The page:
The different faces of Islam
March 14 2002 by George W. Braswell Jr. , Special to the Biblical Recorder

The different faces of Islam | Friday, March 15, 2002

Friday, March 15, 2002

The different faces of Islam

By George W. Braswell Jr. Special to the Biblical Recorder

I am in agreement with Nobel Prize winner V.S. Naipaul when he writes, "Islam is not simply a matter of conscience or private belief. It makes imperial demands"(Page xi in Beyond Belief). I come to this agreement after teaching Muslim clergy at the Faculty of Islamic Theology of the University of Teheran, Iran, during 1968-1974, and after attending preaching and praying events in tens of mosques around the world, and after hours of discussions with Muslims in their homes and mosques and around tables of food and cups of tea,

Religions facilitate the display of many faces among their followers and to outsiders. After the Sept. 11 terrorist attacks upon the United States, many around the world quickly affirmed Islam as a peaceful religion that embraces freedom of religion, emphasizes purity of belief, and has characteristics in common with Judaism and Christianity. These things are true: but Islam has other faces, too. Islam can be warlike, can restrict freedom of religion, can be contaminated by folk religion, and can be seen as vastly different from Judaism and Christianity.

Islam as an aggressive missionary religion Muhammad, the prophet of Islam, founded the first Muslim community (the ummah) in Medina, Saudi Arabia, during the years 622-632 A.D. Muhammed believed he had received revelations from Allah in heaven by means of the angel Gabriel. Muhammad became prophet, judge, leader and commander-in-chief of the community of Muslims. "Islam" meant submission to the straight path of Allah and to follow Muhammad as the final prophet.

Muhammad waged battles against tribes that would not convert to the teachings and practices of Islam or which refused to capitulate to live under its rules and regulations.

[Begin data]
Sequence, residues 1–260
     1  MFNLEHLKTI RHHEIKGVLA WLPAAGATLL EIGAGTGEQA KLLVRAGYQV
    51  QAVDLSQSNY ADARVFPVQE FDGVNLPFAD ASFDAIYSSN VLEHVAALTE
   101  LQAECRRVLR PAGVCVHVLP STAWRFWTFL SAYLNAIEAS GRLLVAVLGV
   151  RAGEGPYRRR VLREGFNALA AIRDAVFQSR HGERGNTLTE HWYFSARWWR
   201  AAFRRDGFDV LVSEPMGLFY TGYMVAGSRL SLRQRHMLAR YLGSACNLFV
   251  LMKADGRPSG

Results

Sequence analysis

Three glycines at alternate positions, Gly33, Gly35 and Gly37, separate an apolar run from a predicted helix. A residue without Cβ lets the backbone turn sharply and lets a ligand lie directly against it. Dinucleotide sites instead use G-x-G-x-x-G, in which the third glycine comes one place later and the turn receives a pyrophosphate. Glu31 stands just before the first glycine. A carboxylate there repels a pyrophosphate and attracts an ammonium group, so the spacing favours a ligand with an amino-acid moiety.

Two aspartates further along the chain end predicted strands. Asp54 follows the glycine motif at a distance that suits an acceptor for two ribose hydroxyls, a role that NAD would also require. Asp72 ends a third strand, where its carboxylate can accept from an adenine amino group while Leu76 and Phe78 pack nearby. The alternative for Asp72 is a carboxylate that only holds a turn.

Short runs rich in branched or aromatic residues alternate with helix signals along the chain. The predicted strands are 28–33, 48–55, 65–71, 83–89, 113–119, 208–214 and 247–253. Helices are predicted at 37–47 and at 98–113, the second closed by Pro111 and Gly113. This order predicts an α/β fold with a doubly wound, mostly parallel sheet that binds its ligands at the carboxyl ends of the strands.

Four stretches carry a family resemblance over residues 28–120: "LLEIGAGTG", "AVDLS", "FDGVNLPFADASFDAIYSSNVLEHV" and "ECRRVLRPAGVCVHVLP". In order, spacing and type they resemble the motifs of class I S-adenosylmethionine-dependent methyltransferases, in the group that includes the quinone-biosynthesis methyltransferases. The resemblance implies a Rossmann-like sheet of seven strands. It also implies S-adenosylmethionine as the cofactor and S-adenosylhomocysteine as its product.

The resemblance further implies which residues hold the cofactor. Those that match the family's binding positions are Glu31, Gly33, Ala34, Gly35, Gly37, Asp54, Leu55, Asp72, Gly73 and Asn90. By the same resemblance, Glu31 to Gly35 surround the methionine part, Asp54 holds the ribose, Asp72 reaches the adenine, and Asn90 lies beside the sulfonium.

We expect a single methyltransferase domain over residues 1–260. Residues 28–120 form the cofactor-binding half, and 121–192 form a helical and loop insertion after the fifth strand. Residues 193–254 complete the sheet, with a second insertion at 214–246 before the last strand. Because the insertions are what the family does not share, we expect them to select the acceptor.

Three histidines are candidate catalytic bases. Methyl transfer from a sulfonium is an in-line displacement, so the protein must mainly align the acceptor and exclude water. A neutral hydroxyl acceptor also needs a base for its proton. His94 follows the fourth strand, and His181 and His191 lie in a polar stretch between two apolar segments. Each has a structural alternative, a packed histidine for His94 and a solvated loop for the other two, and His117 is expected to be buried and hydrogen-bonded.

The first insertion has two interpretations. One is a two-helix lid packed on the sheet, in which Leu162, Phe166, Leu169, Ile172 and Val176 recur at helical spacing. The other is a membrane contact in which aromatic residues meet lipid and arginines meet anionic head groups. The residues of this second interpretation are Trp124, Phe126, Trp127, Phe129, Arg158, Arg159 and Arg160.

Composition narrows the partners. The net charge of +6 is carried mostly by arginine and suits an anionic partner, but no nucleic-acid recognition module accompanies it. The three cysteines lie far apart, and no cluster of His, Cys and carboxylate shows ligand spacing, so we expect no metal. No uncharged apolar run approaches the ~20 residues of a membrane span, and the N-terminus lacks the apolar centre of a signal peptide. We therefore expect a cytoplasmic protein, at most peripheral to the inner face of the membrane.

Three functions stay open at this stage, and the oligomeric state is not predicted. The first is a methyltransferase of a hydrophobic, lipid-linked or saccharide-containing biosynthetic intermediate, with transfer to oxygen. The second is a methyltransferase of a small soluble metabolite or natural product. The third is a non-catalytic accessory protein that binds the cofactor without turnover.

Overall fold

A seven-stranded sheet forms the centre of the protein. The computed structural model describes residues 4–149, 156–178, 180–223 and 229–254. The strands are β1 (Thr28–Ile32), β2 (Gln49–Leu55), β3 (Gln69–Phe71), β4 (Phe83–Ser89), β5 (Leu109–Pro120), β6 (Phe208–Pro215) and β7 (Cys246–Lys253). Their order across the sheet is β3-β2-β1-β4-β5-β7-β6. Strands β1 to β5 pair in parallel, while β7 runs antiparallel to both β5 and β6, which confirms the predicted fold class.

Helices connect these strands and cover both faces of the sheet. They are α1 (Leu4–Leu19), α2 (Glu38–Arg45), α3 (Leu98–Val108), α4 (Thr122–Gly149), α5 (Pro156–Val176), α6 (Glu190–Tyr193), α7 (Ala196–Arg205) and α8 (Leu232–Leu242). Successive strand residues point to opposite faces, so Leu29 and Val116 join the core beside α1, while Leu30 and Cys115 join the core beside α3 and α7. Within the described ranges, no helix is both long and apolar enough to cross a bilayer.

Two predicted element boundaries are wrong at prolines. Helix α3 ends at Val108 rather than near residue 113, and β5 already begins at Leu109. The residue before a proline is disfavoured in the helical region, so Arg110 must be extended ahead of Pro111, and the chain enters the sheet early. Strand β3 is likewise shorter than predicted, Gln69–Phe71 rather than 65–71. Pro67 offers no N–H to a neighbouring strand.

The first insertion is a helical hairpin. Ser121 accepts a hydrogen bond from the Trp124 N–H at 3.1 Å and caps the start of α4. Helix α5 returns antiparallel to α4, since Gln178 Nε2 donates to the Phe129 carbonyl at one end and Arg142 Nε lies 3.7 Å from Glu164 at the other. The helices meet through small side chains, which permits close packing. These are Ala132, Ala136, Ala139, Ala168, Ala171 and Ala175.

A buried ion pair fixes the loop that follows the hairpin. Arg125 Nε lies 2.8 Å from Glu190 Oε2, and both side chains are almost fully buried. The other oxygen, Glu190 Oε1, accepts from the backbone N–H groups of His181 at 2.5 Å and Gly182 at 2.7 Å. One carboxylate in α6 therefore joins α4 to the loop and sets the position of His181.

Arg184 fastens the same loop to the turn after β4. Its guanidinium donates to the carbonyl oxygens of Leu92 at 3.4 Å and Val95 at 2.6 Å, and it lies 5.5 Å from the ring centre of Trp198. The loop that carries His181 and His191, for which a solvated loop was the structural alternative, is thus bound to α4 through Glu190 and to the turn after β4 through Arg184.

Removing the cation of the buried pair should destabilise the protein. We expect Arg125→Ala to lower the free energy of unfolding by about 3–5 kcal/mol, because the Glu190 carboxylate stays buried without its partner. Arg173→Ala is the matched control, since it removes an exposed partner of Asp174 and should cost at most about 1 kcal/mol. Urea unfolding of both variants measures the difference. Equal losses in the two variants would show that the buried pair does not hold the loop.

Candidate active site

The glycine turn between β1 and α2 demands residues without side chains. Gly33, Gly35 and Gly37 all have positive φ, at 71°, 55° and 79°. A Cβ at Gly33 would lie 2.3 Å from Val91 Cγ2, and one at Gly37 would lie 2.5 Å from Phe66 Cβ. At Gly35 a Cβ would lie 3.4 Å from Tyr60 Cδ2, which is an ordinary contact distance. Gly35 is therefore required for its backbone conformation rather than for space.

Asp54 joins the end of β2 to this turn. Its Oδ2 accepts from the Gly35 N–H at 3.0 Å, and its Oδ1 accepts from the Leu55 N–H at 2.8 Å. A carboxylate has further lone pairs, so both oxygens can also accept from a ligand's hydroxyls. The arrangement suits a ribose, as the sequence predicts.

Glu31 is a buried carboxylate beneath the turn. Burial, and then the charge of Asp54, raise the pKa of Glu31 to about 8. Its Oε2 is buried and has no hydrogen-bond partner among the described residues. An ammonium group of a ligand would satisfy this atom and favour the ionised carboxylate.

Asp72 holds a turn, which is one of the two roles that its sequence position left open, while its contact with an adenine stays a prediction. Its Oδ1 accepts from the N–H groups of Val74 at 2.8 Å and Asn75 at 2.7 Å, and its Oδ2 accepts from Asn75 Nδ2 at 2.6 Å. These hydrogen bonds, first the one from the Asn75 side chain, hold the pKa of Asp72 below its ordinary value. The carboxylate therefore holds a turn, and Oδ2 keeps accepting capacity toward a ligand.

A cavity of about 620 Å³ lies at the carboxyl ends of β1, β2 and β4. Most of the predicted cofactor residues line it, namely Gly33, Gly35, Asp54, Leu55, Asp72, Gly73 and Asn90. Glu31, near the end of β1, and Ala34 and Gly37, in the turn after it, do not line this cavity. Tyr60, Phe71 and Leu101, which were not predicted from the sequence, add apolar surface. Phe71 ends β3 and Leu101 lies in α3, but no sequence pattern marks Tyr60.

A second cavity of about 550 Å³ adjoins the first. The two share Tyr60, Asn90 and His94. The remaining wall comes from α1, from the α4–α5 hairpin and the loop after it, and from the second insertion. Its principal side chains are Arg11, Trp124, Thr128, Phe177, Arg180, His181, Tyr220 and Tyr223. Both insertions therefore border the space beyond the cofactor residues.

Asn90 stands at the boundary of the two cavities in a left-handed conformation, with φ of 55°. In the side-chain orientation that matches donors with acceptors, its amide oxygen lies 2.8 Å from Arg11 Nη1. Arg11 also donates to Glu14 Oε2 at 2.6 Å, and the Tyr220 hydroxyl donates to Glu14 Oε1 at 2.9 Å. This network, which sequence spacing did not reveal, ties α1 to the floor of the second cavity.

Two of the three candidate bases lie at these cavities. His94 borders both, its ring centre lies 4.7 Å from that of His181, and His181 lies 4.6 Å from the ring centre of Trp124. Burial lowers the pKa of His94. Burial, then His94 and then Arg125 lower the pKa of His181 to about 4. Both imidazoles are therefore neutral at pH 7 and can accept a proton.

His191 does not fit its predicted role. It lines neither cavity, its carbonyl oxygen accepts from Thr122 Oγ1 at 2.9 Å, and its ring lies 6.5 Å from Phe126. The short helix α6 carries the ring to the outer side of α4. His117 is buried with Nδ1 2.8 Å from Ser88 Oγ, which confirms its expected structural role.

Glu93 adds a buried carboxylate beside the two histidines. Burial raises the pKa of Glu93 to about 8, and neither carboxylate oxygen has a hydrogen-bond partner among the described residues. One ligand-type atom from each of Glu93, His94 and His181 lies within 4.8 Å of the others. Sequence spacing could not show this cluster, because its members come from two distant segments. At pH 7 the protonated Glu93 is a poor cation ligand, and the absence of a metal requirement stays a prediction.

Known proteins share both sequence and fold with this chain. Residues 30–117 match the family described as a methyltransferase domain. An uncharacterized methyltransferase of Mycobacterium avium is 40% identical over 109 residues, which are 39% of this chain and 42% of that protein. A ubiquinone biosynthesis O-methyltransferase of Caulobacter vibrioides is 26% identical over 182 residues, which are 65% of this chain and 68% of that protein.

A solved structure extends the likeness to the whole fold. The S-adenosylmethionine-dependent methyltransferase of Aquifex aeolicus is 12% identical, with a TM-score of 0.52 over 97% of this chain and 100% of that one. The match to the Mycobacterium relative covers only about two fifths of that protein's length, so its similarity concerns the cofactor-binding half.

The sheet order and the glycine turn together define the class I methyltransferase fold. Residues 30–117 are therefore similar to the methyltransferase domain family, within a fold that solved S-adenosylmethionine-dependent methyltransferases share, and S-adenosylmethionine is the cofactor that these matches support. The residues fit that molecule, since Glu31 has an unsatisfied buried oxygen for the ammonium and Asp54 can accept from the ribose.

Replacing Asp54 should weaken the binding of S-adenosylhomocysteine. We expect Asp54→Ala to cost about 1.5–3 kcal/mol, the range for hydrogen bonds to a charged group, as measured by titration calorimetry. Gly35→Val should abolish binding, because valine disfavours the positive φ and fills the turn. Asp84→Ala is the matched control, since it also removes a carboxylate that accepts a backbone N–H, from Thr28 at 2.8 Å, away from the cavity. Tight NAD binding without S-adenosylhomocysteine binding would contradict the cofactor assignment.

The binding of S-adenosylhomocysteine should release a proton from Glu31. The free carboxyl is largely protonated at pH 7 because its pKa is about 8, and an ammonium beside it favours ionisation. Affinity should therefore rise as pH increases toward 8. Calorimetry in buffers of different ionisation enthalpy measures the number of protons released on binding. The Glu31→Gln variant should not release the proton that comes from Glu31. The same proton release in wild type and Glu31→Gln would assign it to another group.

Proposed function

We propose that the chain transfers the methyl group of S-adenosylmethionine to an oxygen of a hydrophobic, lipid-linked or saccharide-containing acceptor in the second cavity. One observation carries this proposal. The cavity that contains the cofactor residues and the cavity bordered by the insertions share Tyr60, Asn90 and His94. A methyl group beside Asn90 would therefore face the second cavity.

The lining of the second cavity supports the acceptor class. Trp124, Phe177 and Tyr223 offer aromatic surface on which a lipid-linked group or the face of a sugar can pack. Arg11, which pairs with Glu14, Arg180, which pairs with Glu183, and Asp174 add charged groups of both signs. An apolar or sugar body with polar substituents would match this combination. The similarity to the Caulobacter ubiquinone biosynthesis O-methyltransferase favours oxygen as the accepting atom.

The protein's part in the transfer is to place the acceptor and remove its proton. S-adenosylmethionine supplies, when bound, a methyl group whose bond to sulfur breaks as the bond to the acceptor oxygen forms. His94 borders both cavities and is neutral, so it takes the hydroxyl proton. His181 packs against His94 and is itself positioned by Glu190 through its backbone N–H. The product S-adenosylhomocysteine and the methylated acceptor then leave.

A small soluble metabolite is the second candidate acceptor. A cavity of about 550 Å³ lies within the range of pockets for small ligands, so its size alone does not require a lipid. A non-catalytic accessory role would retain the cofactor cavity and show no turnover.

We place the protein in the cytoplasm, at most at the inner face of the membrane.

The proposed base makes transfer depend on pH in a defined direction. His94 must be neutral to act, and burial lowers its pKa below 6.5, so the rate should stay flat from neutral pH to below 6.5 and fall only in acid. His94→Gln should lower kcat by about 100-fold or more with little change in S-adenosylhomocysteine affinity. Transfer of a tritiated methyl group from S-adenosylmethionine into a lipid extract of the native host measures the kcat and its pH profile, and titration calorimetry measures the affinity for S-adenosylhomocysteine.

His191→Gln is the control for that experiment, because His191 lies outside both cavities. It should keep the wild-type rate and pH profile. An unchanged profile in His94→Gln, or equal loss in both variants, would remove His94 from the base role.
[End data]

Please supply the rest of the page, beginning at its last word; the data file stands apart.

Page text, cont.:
Islam advanced rapidly after Muhammad's death in 632 A.D. and became predominant in much of the Middle East, North Africa, Spain and South and Central Asia by 800 A.D. Its advance in recent times has led it to become the world's second largest religion with about 1.3 billion followers.

The heartland of Islam has its origins in the Middle East and the Arabian peninsula, but the four largest populations of Muslims are convert peoples in Indonesia, India, Bangladesh and Pakistan. These represent about 43 percent of Muslim peoples. Islam has become the second largest religion of Europe and the United States.

The worldview of Islam classically has divided the world into the territory of Islam (Dar al-Islam) and the territory of the ignorant or the infidel, and consequently of the enemy and war (Dar al-Harb). The missionary imperative of Islam has been founded on this view that it has the correct doctrine, practice, law and way of life that is superlative to any other. Therefore, all peoples should become Muslim or submit to Islam's authority and governance.

Contemporary Islam finds many expressions among Muslim nations and peoples. Saudi Arabia looks to the Quran and the Shariah (law) for its Islamic foundations, allowing no churches upon its soil and permitting no non-Muslims to enter the Islamic holy cities of Mecca and Medina.

Ayatollah Khomeini founded the Islamic Republic of Iran in 1979, dismissing Christian missionaries and placing restrictions on the native synagogues and churches. The Islamic Republic of the Sudan was founded on an attempt to apply Islamic laws upon the people. Pakistan, since its inception as a new nation breaking away from India in 1947, has struggled from election to election in terms of how Islamic its constitution and governance would be. The Taliban of Afghanistan implemented a view and practice of Islam that included the destruction of Buddhist monuments and the seclusion of women from the public arena.